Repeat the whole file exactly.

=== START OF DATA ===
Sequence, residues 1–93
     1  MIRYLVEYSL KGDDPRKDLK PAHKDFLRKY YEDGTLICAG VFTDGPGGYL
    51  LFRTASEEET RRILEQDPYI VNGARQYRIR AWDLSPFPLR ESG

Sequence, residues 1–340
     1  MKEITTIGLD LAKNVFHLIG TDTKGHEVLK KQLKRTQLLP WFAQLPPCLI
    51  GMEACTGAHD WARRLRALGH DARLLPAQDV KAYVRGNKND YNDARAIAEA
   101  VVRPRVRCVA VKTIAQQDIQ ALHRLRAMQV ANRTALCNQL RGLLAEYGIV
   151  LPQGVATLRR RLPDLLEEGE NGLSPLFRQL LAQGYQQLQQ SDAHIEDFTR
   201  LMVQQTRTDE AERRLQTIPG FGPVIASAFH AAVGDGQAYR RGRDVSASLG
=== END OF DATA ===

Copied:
Sequence, residues 1–93
     1  MIRYLVEYSL KGDDPRKDLK PAHKDFLRKY YEDGTLICAG VFTDGPGGYL
    51  LFRTASEEET RRILEQDPYI VNGARQYRIR AWDLSPFPLR ESG

Sequence, residues 1–340
     1  MKEITTIGLD LAKNVFHLIG TDTKGHEVLK KQLKRTQLLP WFAQLPPCLI
    51  GMEACTGAHD WARRLRALGH DARLLPAQDV KAYVRGNKND YNDARAIAEA
   101  VVRPRVRCVA VKTIAQQDIQ ALHRLRAMQV ANRTALCNQL RGLLAEYGIV
   151  LPQGVATLRR RLPDLLEEGE NGLSPLFRQL LAQGYQQLQQ SDAHIEDFTR
   201  LMVQQTRTDE AERRLQTIPG FGPVIASAFH AAVGDGQAYR RGRDVSASLG